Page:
C - Newspaper boy - Atmosphere of the house changed - Visit of guests.
Is Life for us Better than it was for our Forefathers? To try to answer this question, we had better go back in thought about two hundred years, say to about the middle of the 18th Century ; that is, before the great changes began that have made the modern world what it is to-day.
Let us see what life was for our forefathers in those days. To get a picture of their lives, we must cut out many of the things which are so familiar and necessary to us to-day that we wonder how men could ever have got on without them. Take travel, for instance.
In the time of our forefathers, there were no railways or steamships or aeroplanes, no bicycles or motor-cars, or even good roads.
They traveled slowly on horseback or in carts and carriages, and sailing ships. There was no postal system, so letters were rare and costly luxuries; no telegraph, no telephone, no wireless or broadcasting.
Nearly all goods were hand-made, as there was no steam-driven machinery to manufacture multitudes of cheap goods. Houses were lit by candles or lamps, for there was no electric light or gas.
Of medical science there was little or nothing, and public sanitation was unknown. In consequence dirt and disease were rife in village and town.
There were no fully equipped hospitals, no trained nurses, and few qualified doctors. Education that was the privilege of the rich. Most of the poor could neither read nor write.
Books were few and expensive. As to amusements, there were no cinemas and no gramophones. Life in those days must have been dull and slow.
So far, then, the answer seems to be an emphatic affirmative. Surely with all these advantages, and many, many more that cannot even be mentioned, our life to-day must be incomparably better in every way than the life of our poor forefathers.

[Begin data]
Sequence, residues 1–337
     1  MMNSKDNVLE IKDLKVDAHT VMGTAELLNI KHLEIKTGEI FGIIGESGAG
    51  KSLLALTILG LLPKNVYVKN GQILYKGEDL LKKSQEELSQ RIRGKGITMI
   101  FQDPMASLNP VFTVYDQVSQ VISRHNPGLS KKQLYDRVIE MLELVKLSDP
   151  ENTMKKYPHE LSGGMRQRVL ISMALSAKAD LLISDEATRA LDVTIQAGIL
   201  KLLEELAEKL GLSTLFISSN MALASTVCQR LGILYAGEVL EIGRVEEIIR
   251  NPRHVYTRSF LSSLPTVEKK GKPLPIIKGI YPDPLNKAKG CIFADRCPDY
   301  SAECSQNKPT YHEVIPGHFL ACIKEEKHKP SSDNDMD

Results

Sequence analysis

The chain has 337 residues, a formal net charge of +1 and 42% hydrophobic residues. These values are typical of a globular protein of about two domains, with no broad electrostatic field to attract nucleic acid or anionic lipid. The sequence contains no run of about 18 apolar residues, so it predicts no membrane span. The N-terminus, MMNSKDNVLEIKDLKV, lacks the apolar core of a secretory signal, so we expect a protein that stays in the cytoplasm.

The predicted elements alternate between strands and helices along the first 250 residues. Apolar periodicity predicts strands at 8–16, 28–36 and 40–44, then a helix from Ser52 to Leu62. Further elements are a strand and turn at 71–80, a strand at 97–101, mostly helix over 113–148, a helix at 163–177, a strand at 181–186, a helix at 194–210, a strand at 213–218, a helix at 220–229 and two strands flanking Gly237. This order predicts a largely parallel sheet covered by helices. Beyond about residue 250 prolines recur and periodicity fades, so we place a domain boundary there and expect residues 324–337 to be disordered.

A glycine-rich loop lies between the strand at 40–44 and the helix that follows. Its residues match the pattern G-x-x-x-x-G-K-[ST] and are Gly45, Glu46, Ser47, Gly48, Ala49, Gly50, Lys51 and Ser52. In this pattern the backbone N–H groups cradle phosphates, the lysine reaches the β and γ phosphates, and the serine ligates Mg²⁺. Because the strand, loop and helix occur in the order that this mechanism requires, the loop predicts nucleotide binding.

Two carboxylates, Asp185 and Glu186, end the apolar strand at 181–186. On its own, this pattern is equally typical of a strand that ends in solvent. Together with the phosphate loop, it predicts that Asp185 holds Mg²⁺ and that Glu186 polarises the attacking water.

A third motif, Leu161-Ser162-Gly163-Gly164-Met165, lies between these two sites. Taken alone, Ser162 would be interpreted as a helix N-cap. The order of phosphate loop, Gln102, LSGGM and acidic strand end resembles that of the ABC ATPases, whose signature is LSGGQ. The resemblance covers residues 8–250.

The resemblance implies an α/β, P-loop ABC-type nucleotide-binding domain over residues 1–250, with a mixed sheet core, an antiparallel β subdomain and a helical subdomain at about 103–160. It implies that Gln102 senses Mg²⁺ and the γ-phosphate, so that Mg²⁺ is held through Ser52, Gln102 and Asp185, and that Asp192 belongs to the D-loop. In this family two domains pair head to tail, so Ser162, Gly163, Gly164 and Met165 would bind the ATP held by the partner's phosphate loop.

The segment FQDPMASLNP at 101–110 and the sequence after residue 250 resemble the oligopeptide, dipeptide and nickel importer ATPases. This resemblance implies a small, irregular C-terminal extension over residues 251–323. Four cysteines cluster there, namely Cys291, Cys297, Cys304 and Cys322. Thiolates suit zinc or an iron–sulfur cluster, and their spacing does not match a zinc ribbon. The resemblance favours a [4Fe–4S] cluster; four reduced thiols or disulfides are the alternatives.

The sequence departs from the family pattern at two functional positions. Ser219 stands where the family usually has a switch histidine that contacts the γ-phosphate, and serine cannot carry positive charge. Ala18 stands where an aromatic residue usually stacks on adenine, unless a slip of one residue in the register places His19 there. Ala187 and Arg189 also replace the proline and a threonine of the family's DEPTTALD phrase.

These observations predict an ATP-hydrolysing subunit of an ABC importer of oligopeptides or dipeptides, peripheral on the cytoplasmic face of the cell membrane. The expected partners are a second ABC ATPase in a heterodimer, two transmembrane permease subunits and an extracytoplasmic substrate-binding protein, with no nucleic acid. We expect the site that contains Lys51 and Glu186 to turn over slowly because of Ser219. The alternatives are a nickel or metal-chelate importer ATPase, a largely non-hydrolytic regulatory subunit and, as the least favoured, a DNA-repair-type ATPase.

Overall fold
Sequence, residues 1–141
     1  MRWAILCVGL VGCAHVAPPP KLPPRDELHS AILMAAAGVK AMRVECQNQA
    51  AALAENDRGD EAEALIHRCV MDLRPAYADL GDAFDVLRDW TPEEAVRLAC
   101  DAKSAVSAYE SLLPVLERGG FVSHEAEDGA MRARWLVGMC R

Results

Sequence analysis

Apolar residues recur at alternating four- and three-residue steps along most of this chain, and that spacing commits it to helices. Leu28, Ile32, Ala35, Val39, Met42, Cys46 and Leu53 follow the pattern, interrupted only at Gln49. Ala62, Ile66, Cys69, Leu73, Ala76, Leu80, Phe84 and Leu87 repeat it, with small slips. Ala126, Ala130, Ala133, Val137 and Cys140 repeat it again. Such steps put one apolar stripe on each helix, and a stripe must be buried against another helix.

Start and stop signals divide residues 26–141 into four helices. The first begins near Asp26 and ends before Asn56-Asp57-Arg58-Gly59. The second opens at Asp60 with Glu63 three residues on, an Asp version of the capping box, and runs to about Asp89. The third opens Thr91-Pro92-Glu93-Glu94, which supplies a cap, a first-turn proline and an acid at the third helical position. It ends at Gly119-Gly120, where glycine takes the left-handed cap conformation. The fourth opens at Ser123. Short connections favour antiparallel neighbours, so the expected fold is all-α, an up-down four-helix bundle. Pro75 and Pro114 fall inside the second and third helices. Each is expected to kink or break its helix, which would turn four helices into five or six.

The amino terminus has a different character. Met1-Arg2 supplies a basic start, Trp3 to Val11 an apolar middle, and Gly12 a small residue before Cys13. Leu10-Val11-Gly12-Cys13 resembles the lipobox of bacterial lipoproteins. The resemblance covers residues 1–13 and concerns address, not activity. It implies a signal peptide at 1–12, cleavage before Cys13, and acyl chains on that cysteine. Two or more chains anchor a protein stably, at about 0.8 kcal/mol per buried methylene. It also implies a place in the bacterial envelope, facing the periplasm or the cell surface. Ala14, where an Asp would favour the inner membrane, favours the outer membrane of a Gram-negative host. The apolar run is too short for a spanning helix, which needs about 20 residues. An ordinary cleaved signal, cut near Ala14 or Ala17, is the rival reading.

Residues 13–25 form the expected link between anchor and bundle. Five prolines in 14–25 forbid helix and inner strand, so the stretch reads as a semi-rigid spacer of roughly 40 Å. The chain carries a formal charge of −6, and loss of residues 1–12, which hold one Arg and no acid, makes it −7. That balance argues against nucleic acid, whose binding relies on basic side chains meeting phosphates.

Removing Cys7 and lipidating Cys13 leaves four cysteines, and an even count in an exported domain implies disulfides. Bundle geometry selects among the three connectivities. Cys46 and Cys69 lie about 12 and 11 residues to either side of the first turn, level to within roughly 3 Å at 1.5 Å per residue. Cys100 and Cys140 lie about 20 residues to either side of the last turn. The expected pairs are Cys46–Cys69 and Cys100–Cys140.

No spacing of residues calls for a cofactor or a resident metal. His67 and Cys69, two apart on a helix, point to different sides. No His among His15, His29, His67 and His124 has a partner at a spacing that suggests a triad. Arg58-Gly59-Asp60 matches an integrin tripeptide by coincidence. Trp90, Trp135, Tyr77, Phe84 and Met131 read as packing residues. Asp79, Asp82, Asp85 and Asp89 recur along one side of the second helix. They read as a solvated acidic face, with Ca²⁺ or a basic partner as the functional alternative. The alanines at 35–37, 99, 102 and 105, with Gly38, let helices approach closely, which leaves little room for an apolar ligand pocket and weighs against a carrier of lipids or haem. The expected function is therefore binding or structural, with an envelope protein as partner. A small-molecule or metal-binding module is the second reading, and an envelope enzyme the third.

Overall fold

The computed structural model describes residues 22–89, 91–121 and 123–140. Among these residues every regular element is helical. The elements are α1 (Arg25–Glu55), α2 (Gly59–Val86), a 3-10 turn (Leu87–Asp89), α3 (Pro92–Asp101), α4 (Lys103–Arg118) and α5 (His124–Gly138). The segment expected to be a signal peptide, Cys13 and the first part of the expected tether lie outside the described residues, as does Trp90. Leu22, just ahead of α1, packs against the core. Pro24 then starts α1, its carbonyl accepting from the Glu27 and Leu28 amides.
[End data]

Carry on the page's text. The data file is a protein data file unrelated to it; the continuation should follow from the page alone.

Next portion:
No doubt, in comfort, convenience, interest, variety, general health and well-being, we have the advantage. But is it really so? Are we really happier than our fore-fathers?
In this mechanical age life is all noise and bustle, hurry and racket, roar and rush. There is a fever in our blood. We are restless and unsatisfied, ever seeking for some new thing.
We have lost the quiet, and the solid pleasures, of the old days. And the sense of security has gone. There is fear in our hearts.
The machines our science has given us threaten to destroy us.The Gettysburg Address is a speech by U.S. President Abraham Lincoln that is one of the best-known speeches in American history.
It was delivered by Lincoln during the American Civil War at the dedication of the Soldiers' National Cemetery in Gettysburg, Pennsylvania, on the afternoon of Thursday, November 19, , four and a half months after the Union armies defeated those of the.
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As defined in Merriam-Webster (), happiness is a state of well-being and contentment. Hindi Essay/Paragraph/Speech on “Raksha-Bandhan”, “रक्षा-बन्धन” Complete Essay, Speech for Class 10, Class 12 and Graduation and other classes.
Happy Pi Day everybody! Back to Front ————— March 8, Alas, Poor Tony, pgs / Finally, the end comes for Poor Tony Krause and Randy Lenz, two of the most unpleasant characters I’ve had the pleasure of reading. The question in what cases we may believe that which goes beyond our experience, is a very large and delicate one, extending to the whole range of scientific method, and requiring a considerable increase in the application of it before it can be answered with anything approaching to completeness.